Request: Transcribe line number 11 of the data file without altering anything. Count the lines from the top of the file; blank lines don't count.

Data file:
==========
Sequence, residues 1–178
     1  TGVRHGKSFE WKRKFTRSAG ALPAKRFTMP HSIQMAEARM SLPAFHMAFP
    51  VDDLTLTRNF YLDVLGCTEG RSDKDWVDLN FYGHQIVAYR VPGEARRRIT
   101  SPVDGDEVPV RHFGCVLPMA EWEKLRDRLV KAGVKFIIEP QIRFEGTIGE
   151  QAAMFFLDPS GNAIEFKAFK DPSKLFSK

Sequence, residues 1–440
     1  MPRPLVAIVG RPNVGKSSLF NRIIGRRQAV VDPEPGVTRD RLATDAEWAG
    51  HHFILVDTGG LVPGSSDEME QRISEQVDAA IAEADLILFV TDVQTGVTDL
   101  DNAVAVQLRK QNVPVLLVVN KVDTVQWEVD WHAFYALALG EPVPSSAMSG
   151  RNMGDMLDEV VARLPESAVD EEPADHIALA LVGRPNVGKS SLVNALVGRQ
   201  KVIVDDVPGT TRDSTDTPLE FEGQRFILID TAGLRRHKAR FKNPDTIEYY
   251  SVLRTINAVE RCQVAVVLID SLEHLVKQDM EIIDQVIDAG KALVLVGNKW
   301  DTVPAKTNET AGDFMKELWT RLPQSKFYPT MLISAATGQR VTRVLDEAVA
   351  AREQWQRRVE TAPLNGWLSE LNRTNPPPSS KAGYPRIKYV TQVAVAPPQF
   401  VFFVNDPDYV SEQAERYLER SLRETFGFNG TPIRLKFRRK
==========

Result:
   201  KVIVDDVPGT TRDSTDTPLE FEGQRFILID TAGLRRHKAR FKNPDTIEYY